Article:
OEM Parts 101: What Are OEM Parts?
Anyone who has ever needed auto parts has heard or seen the term “OEM.” Understanding what this means is important for all vehicle owners — but especially for DIY mechanics and restorers. Our experts have put together this guide to OEM parts so that, whether you shop at Advance Adapters or through your local dealership, you know when OEM is the right choice.
OEM Parts Explained
OEM is short for “Original Equipment Manufacturer.” These parts are identical to what was on the vehicle when it left the factory. For newer vehicles, OEM components are made by the same company that designed and produced the original. In the case of older vehicles, other companies are sometimes contracted to make officially licensed parts using the OEM specifications and materials. An example of an OEM parts company is Mopar, which was created by the Chrysler Corporation solely to make authentic parts for their vehicles.
By purchasing OEM vehicle parts, you can expect the quality, fitment and performance to be the same as what you’re replacing. The parts are also more consistent, and they’re always backed by a warranty in case of failure. In other words, OEM is the “old reliable” of vehicle maintenance and repair. Occasionally, you can also get OEM performance upgrades. On the downside, OEM parts can be up to 60% more expensive, and availability may be limited for certain vehicles — especially if your vehicle is an older model or wasn’t as popular as other models.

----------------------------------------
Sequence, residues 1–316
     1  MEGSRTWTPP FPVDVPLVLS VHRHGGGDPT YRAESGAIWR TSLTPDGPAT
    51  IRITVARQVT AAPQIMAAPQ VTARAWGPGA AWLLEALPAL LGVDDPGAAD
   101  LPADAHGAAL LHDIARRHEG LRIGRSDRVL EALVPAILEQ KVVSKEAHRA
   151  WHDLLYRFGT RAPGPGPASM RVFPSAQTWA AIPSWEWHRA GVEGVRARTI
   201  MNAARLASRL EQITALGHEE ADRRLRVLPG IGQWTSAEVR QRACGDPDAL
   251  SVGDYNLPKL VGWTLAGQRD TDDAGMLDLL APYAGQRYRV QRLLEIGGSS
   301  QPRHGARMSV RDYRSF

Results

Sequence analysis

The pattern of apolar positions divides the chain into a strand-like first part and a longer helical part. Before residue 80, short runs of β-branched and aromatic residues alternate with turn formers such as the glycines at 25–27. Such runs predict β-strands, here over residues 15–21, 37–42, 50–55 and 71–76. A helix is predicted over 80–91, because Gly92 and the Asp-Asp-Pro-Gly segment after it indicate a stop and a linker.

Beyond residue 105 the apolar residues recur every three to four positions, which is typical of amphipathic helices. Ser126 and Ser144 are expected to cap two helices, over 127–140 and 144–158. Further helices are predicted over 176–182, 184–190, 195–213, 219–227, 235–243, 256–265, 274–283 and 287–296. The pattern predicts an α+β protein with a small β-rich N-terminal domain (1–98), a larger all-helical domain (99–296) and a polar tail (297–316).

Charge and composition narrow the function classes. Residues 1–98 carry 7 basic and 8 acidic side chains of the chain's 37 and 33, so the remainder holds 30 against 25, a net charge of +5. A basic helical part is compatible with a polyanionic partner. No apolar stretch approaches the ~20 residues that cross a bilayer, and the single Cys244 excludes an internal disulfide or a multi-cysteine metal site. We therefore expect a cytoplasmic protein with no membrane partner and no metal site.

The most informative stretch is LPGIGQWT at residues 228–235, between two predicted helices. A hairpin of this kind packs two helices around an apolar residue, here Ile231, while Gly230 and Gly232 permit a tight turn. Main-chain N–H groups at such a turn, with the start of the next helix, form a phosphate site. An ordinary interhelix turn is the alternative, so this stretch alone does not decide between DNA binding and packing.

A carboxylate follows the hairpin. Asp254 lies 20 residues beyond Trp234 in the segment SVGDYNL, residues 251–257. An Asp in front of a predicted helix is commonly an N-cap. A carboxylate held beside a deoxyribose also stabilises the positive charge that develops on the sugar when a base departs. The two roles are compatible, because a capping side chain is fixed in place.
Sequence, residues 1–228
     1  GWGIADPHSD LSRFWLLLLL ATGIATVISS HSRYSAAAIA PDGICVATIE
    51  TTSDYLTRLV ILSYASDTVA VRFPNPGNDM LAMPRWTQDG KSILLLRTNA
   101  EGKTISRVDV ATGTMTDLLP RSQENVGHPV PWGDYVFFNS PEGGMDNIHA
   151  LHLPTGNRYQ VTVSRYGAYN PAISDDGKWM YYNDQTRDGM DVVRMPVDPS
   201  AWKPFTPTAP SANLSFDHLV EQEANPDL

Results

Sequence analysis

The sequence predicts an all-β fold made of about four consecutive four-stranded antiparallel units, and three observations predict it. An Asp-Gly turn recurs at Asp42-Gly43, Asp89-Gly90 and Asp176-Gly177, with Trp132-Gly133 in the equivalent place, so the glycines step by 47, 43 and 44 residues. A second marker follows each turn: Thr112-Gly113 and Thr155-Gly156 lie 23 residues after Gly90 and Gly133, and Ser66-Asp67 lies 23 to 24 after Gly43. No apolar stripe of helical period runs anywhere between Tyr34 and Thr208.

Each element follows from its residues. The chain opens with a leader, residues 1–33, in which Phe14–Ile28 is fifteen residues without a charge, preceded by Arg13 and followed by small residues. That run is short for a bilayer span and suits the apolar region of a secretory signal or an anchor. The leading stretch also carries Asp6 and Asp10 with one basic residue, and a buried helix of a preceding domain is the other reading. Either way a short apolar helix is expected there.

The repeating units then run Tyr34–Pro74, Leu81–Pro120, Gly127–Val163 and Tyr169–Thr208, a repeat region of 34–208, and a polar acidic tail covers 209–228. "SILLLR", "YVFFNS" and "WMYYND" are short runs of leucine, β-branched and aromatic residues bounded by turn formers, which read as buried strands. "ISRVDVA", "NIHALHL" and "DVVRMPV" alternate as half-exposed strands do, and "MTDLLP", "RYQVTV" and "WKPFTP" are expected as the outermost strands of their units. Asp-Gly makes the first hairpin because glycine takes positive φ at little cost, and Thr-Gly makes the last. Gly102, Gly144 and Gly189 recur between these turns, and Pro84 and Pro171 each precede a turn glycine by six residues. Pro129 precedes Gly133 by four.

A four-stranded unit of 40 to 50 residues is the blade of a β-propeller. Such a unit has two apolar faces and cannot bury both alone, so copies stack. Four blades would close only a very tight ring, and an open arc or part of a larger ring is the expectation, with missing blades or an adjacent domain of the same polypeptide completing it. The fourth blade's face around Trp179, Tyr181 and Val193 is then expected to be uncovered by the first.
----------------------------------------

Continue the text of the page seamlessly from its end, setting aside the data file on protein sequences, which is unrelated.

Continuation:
OEM vs. Aftermarket Parts
You typically will have a choice between OEM and aftermarket parts for your project. Aftermarket car parts are made by independent manufacturers to replace the OEM parts. Some aftermarket parts look and operate like their OEM counterparts while others are designed to improve performance in some way. A few companies, like AC Delco, make both OEM and aftermarket parts. Manufacturers can make a huge range of aftermarket components or specialize in certain vehicles and types of parts.
There are a few advantages to buying aftermarket parts. Equivalent parts are often less expensive and have more variety, which is great for modding. These alternative components are easier to find, too. However, to the uninitiated, aftermarket parts can feel like a bit of a “Wild West.” While some parts are better quality than OEM, others are worse quality, and so-called universal parts might not be a great fit. Not all aftermarket parts have warranty coverage, either. This means doing your homework to make sure you’re buying a good part from someone reputable.
Which Parts Should I Buy?
The choice ultimately comes down to your preferences and project goals. Order OEM if you’re happy with how the original part performed and are willing to pay more for a sure thing. If you want customization and high-performance options, or the OEM component is no longer available, then go with aftermarket parts. Advance Adapters is known for quality conversions products and backs them with a warranty of up to one year so you know you’re getting the finest OEM and aftermarket 4WD components.